Typically, manufacturers have a very clear idea of the material costs, direct and indirect labour costs, logistics, depreciation, etc. related to their manufacturing processes. But very rarely do they actually know anything other than the headline energy consumption.
By applying the e-F@ctory concept of ‘connect everything’ and measuring what’s important, customers are able to derive the EPU. The great thing is energy monitoring can be applied retrospectively to any existing site or machinery. Modules can be added to existing breakers directly or distributed measurement points can be installed without disrupting the existing production or cabling – simply clamp over the appropriate CT modules.
Connecting these to local meters and monitoring stations makes it easy to pull all that data back to a central management point. The more visibility that is given to that data the more change effect can be created. Here are some real use cases. Case #1: The circuit breaker line As noted, energy costs have been rising in Japan. This was compounded by the consequences of the Fukushima earthquake which meant all nuclear power plants in the region were also shut down, leading to even more expensive energy and in some areas additional usage regulations.
So, what was the countermeasure? In the case of a circuit breaker line, a typically price sensitive product, what did we learn? Firstly, the energy consumption needed to be visualized, which meant energy data needed to be collected from every part of the process. The result was a very clear picture which could be drilled down from production hall to line, to the individual machine. The other key aspect was the time base of the measurement frequency – this was critical to catch the root cause of problems. Looking for correlation between events even on different processes and machines quickly revealed where the real problems were.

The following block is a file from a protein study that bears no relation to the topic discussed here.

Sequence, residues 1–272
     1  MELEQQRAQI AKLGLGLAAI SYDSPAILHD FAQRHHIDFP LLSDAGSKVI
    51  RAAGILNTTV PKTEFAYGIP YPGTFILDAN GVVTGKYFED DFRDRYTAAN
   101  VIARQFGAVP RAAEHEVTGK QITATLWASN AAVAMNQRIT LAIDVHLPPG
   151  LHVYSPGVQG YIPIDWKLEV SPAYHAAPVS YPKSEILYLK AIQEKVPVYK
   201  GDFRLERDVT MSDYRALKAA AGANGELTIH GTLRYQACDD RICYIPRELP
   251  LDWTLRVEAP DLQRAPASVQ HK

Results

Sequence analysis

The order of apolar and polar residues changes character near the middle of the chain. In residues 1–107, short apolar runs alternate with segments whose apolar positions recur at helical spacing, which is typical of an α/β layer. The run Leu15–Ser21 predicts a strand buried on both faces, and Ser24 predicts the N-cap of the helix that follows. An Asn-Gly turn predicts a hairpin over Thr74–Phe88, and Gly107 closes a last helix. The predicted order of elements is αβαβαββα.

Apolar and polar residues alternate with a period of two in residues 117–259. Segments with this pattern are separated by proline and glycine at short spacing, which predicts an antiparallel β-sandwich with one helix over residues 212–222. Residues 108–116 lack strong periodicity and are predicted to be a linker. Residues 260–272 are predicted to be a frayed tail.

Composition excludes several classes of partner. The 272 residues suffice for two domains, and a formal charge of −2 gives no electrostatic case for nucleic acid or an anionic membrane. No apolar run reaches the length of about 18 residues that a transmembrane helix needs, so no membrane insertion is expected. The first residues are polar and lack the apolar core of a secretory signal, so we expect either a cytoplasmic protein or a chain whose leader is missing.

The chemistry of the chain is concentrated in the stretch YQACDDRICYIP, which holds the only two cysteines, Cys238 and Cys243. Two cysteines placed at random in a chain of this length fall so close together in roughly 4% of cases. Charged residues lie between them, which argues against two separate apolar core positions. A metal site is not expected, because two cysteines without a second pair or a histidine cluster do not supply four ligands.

The last major learning point was that sadly technology does not solve everything. There has to be a strong commitment as a company, which filters down to every employee working towards the same goal and that’s why sharing the data on a wide basis makes everyone aware of the scale of the problem. Then it’s a case of going through the simple steps; visualize the issue, find the cause, take action – it’s pure PDCA!
For a low margin product like a breaker, coupled with fierce global competition, every cent saved counts.
Case #2: The circuit board line In this example, the direct impact of EPU analysis was clearly the major contributing factor. The challenge for the production staff was that there were multiple types of machinery and production lines that experienced frequent line stoppages (micro-stops) making it hard to grasp the real energy usage in those lines.
As in Case #1 the first step was to collect the data, but the collection was not limited to energy only. Additional information such as the production schedule, equipment data, quality data and process error data were also collected. The critical point was this was collected in ‘real-time’. That meant extensive line-side data processing, time-date stamping and filtering, so Edge Computing was an important element to make that possible. Initially, the production staff were flooded with data, graphs and analysis – so much so they could not see what was happening. After applying EPU techniques they could start to pinpoint when production dropped and energy peaked, and cross-reference that with error and quality information. This revealed several things; ⚫ They were setting up/starting the machines too early in the morning before the main production commenced. ⚫ They saw frequent stops due to material shortages. ⚫ Equipment trouble and extended downtime occurred because maintenance members all took their break at the same time.